UK investor sentiment up but faith in bonds declines

UK investors remained upbeat about global investment opportunities in February, but confidence in UK corporate and government bonds declined.

UK investor sentiment up but faith in bonds declines

Lloyds Private Bank’s latest investor sentiment index (ISI) revealed an overall sentiment score of 10.9% in February, an increase of 1.9% compared with January and 4.8% since last February.

It said the two 2018 sentiment readings outscored anything seen in 2017 and marked the fifth month in a row sentiment has risen.

However, with the recent market correction, this score is likely to have moved since, Lloyds noted.

February has already been deemed a poor month for both UK government bonds (gilts) and UK corporate bonds as sentiment toward gilts fell by 1.8%, putting the asset class back in negative territory at -1.4%. Additionally, corporate bonds dipped 1.7% to finish February at -2.4%.

Markus Stadlmann, chief investment officer at Lloyds Private Bank, said: “For several months now, we have seen that investors in the UK continue to feel good about their prospects, with good investment conditions out there for those who know where to look.

“That said, you only need to consider current price fluctuations on equity markets around the globe to see the need for proactive risk management.”

Mixed fortunes for UK assets

Considering asset class performance over the last month, UK shares and government bonds faced the biggest decline, both returning -2%.

The report revealed that over a 12-month performance period, global equities took top place with returns for emerging market shares coming in at 38%, followed by US shares (23.9%) and Japanese shares (19.1%).

Meanwhile, US shares saw the biggest monthly jump in investor confidence out of all 11 asset classes surveyed, rising 7.8%, which the firm said reflected a similar uplift to January.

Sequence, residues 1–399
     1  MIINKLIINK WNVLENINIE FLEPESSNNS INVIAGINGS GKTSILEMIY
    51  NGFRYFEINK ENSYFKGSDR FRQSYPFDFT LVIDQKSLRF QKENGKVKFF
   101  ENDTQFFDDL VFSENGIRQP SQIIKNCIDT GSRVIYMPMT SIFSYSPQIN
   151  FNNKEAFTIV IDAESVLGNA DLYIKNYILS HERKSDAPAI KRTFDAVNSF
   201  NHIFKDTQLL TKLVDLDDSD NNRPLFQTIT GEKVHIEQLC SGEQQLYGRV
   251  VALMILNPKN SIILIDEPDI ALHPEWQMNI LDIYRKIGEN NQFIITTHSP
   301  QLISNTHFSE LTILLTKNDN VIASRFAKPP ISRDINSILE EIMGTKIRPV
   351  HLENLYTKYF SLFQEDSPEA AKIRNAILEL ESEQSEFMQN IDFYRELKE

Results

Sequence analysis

Aside from US shares and cash, UK property was still one of the favoured asset classes with the highest sentiment score since June 2017. It returned a score of 18.5%, up 3.8% compared to last month.

Investor sentiment in UK shares was also up by 2.5%, as well as eurozone shares by 1.8% and emerging market shares by 0.1%. Japanese shares saw a dip of -0.3%.

Stadlmann added: “Despite our sentiment tracker scores showing good results for global equities, we know that valuation metrics reveal a number of different scenarios developing in key economies.

“Sentiment may well have shifted since the fall of stock markets from grace this week, but it’s not something for investors to be overly concerned about. US equities – this month’s most improved asset class for popularity – have been showing as extremely expensive for some time. This is in contrast to China and Japan where equities continue to offer good value.

“We have been anticipating a correction in global equities markets for a while now, although the historic point plunge in the US took some investors by painful surprise.

“If there is a positive to take away from it, it would be that investors need not panic. Given the current condition of the global economy, we would expect this correction to last for a few weeks before being followed by a recovery.”

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